You will note that those countries with no access to a metropolis are countries with 8 to 10 territories, and with much lower neutral counts on the country's territories - a bit like New World. THe 6 territory countries compensate for fewer territories by havinf a metropolis right next to their capitals. Especially now that we will have country bonuses there will be an incentive for each player to get all his /her country's terrritories, and I want make sure the gameplay and bonuses remain relatively balanced between small and large countries.
The other major gameplay concern I have is that the starting points aren't equal in terms of opportunity and danger. Obviously a massive reorganization to make capitals equidistant would amount to ruining the map on par with Pelopennesian War's strange depiction of Classical Greece. A great balancer can be taken from Kabanellas' playbook and use the starting points at higher values and putting the rest of the map at random deployment (save for the metropolis, terrorists and unrest areas). I highly recommend you consider this.
Yes, we could put capitals to start at +4, which with the +3 autodeploy and +3 game bonus will bring total starting numbers at 10 units, just like New World.
I am totally against putting the rest of the map at random deployment. It would become an entirely differnt game from what we are trying to do here. This is a starting points game, where the build up is slower and the latitude of players much wider than spreading territories all over the map and letting the first 3 rounds pretty much decide the outcome. This way, each player has a capital and tries to build up its own country, then win by either objective or by outright victory. The bonuses are carfefully balanced so that they are roughly in balance. It's true that on a real map threats and opportunities are never exactly the same (as they can be on an imaginary map), but I think that is part of what makes this map interesting, and all other real maps as well. In any case, even random drops can give huge advantages to one player over another. This way, at least, the bonuses are pretty well balanced between larger and smaller countries, and we will use differnt neutral territory values )varying from 1 to 6) to make sure that's the case (again, a bit in New World style).
The US fleets seems a little strange to me and I think you know this already. After thinking about how you have them operating, I think I understand what you're going for. Why not have BOTH fleets attack the terrorists? Having them bomb the capitals seems strange given the fact that the US has not, to my knowledge, bombed any of the listed capitals on the map (obviously since Baghdad and Kabul are not capitals on the map). This would seem more in line with reality.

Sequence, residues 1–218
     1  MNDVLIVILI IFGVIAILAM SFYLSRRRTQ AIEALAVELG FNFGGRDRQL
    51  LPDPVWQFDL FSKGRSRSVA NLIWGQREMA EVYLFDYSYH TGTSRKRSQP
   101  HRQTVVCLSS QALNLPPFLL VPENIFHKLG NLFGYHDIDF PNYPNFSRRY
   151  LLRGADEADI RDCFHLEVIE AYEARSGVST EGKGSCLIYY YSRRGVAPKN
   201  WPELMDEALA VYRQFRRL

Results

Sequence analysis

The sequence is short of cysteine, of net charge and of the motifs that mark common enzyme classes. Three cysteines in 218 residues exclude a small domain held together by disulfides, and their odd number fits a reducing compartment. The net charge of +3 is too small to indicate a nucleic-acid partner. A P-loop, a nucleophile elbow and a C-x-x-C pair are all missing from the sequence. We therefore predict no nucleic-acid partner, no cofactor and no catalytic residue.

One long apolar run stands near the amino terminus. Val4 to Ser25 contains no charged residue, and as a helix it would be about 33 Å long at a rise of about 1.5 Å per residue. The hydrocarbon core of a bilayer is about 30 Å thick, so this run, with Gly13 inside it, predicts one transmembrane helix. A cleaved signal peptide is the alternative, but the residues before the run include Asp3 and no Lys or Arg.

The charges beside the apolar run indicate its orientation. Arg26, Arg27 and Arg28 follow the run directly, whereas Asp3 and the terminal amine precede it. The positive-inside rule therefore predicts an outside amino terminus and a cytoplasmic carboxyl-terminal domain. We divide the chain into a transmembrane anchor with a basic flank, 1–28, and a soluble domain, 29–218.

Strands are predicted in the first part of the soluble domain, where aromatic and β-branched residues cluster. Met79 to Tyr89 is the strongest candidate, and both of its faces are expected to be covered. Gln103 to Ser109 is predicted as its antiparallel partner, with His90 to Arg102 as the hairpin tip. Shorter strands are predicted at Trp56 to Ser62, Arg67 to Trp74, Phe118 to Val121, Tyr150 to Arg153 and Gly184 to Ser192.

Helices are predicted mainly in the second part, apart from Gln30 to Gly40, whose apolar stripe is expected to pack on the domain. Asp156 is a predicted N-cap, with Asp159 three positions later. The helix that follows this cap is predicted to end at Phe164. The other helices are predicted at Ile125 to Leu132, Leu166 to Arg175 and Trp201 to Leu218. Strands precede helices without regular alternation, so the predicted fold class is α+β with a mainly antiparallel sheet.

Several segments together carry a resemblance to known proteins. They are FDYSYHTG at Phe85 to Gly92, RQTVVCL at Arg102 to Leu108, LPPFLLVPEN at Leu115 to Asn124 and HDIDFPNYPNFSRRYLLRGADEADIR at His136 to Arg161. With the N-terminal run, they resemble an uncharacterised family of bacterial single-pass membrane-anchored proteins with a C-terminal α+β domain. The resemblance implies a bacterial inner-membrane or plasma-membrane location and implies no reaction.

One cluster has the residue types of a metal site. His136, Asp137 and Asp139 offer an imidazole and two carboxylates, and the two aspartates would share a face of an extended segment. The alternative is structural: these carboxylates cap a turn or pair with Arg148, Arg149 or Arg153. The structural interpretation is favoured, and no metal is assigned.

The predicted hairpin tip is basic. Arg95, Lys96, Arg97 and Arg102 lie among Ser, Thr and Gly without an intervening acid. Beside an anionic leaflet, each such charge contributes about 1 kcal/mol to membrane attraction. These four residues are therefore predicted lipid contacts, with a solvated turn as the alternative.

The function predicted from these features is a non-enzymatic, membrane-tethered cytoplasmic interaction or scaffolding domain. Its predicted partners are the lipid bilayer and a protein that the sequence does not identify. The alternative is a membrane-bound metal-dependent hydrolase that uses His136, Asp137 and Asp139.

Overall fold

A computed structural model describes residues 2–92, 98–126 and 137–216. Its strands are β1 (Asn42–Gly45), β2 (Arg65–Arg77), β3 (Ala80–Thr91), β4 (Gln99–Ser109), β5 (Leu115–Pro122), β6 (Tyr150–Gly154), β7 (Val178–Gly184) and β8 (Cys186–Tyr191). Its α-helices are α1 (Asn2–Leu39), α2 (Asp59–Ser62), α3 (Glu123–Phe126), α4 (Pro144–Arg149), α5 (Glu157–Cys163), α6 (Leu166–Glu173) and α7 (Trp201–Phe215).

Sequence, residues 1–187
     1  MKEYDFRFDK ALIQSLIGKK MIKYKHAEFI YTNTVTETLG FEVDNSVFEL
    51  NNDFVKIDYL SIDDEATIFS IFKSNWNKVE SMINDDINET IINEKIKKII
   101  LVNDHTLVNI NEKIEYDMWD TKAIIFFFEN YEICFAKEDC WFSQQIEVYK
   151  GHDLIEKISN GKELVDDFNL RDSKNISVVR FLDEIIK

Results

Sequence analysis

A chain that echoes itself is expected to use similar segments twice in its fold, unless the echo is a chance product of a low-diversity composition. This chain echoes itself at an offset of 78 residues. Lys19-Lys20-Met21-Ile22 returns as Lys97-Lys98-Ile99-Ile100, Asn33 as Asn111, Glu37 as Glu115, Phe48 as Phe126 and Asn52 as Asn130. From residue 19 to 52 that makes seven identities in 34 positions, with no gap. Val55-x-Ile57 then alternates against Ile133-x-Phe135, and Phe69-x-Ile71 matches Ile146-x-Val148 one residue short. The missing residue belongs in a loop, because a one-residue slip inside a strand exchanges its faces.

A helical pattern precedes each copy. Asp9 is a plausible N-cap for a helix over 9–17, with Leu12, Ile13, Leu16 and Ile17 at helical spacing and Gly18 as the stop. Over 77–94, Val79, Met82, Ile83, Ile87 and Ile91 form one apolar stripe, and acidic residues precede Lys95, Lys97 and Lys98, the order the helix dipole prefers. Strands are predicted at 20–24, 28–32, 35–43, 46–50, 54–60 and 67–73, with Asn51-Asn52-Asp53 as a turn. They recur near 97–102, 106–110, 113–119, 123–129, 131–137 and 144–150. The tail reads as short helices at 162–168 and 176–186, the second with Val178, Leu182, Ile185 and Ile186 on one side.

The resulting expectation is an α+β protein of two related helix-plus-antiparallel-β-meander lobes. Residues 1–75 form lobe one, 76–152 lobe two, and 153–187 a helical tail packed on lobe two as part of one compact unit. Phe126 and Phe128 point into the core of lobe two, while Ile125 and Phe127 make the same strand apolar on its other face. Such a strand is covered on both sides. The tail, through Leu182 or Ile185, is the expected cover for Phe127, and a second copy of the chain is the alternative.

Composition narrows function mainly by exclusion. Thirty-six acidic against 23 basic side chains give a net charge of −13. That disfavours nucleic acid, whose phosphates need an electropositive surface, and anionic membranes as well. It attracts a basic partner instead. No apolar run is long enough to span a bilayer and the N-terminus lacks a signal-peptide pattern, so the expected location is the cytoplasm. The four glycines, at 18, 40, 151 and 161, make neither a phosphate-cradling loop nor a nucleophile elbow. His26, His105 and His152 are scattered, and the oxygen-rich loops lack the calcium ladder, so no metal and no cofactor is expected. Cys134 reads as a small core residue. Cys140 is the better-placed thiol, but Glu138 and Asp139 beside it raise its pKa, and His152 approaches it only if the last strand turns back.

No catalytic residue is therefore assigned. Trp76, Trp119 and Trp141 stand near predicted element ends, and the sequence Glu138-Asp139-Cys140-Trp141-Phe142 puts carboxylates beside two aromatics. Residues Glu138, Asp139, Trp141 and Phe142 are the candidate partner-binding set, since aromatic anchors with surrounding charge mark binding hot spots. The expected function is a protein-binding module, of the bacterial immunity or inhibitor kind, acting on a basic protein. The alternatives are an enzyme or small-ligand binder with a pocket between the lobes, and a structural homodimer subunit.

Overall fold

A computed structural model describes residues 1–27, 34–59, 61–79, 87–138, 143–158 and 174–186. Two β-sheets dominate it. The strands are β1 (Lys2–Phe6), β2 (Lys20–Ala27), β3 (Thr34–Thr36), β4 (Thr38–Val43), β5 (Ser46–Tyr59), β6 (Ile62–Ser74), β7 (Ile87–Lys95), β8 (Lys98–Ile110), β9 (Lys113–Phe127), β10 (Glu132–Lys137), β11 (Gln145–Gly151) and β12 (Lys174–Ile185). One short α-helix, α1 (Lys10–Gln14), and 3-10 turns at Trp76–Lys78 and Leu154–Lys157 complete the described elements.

Again, we're talking future capabilities here instead of events already past. Kabul is indeed not a capital since Afghanistan was way to small to make a major power on its own, but we do have AFPAK with Islamabad - and can you honestly say the US could never bomb it, or Teheran? Sure, bombing the major powers capitals is a bit of a stretch in real life (Moscow, Beijing, even New Delhi), but that's why this is a what-if game, looking to the future, and not Napoleon 1812, which is strictly historical. From the gameplay point of view, it gives powers having no direct access to others the capability to disrupt them temporarily by knocking off their capitals. Think cyber-warfare, for example. Plus i think it makes the game more interesting to give each US fleet a differnt capability: one disrupts anyone wanting to win by controlling all terrorists, the other disrupts players going for Central Asia by knocking off their major troop supply (+3 autodeploy gone as well as the country /region bonus). The fact that they are killer neutrals means anyone can use them at any time provided they have the troops to conquer it and enough left to do serious damage. Again, this gives players more options instead of straightjacketing them in one game=pattern only.
Lastly, I'd like to see some change to the title... something about the name "The great game 2.0" just doesn't strike the mind with images of central asia.
As you know, "The Great Game" was the name given to the conflict between Russia and the UK for the control of Central Asia in the 19th Century: http://en.wikipedia.org/wiki/The_Great_Game
Today, many talk about a "New Great Game" about great-powers' conflict in the same region:
Hence, "The Great Game 2.0" is a way to referring to a specfic historical era and actually give the new one a catchy label. In short, it actually means something historically, and is not a purely descriptive term (like : this is a great game... )
I hope you see what I'm going for here and take my suggestions under consideration. I think you can recreate the political dynamic of modern Central Asia quite well, but as it stands there are a few oddities that need to be addressed.